Why do cancer patients consider these transplants? While high doses of chemotherapy and radiation can effectively kill cancer cells, they have an unwanted side effect: They can also destroy the bone marrow, where blood cells are made.
Because many types of leukemia show no obvious symptoms early in the disease, leukemia may be diagnosed incidentally during a physical exam or as a result of routine blood testing. If a person appears pale, has enlarged lymph nodes, swollen gums, an enlarged liver or spleen, significant bruising, bleeding, fever, persistent infections, fatigue, or a small pinpoint rash, the doctor should suspect leukemia. A blood test showing an abnormal white cell count may suggest the diagnosis. To confirm the...
The purpose of a stem cell transplant or a bone marrow transplant is to replenish the body with healthy cells and bone marrow when chemotherapy and radiation are finished. After a successful transplant, the bone marrow will start to produce new blood cells. In some cases, the transplant can have an added benefit; the new blood cells will also attack and destroy any cancer cells that survived the initial treatment.
Understanding Stem Cells
While you may have heard about embryonic stem cells in the news, the stem cells used in cancer treatment are different. They’re called hematopoietic stem cells.
What’s special about these cells? Unlike most cells, these stem cells have the ability to divide and form new and different kinds of blood cells. Specifically, they can create oxygen-carrying red blood cells, infection-fighting white blood cells, and clot-forming platelets.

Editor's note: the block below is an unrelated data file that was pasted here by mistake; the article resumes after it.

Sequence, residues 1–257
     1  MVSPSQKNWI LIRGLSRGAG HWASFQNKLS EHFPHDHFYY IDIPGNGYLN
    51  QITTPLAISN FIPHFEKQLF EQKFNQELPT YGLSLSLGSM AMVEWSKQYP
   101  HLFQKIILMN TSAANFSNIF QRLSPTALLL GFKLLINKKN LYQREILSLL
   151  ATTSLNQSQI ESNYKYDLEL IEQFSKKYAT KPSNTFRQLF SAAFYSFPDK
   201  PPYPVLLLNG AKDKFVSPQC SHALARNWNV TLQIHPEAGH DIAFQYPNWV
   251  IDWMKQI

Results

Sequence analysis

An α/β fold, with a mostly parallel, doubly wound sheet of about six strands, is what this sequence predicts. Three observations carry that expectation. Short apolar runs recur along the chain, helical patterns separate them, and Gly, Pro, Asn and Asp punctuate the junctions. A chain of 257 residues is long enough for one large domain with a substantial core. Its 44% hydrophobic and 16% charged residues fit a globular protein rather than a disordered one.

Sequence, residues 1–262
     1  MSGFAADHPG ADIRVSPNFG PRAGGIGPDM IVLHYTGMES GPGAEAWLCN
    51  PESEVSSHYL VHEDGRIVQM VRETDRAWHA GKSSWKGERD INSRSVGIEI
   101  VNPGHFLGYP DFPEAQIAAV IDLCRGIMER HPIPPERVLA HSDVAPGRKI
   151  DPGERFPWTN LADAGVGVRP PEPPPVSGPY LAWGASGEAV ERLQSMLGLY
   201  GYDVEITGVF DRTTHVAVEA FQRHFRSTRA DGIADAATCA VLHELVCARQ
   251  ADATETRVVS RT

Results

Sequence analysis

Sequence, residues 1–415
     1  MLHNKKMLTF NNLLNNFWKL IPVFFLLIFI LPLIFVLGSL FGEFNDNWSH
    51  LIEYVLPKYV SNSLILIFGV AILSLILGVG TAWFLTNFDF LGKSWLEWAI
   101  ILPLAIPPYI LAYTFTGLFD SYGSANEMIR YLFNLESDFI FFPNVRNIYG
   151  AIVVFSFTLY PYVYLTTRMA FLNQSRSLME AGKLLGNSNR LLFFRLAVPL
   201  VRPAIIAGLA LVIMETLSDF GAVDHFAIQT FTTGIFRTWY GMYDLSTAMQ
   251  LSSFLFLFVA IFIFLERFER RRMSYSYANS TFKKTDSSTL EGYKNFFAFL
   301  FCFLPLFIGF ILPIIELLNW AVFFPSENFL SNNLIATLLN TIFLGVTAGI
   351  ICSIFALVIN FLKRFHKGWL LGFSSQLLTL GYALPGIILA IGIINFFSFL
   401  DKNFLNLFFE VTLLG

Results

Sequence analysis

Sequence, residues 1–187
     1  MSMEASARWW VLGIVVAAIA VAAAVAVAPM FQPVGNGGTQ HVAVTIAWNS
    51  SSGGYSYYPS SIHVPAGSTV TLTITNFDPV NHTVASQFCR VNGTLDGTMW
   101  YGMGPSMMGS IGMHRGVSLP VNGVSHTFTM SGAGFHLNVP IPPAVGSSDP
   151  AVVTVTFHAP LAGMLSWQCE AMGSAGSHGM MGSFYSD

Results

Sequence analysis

Most stem cells are in the bone marrow, a spongy tissue inside bone. Other stem cells -- called peripheral blood stem cells -- circulate in the blood. Both types can be used in stem cell transplants for cancer treatment.
Who Is a Candidate For a Stem Cell Transplant or Bone Marrow Transplant for Cancer Treatment?
While stem cell transplants may be lifesaving, they’re not the right treatment for everyone. The process can be difficult and tedious. Since younger people often do better with these treatments, some doctors limit stem cell transplants to those under age 50 or 70.
Given that the risks can be serious, deciding whether to get a stem cell transplant for cancer treatment is not easy. Your doctor will need to consider your general physical condition, diagnosis, stage of disease, and treatments you have already had. You’ll need a number of tests to make sure that you’re healthy enough to undergo the procedure. You also need to make sure you understand the potential benefits and risks of stem cell transplants.
Keep in mind that stem cell transplants only seem to be effective in treating specific types of cancer. While they were once used for breast cancer, for instance, experts no longer recommend them. Studies found that they didn’t work better than standard treatments.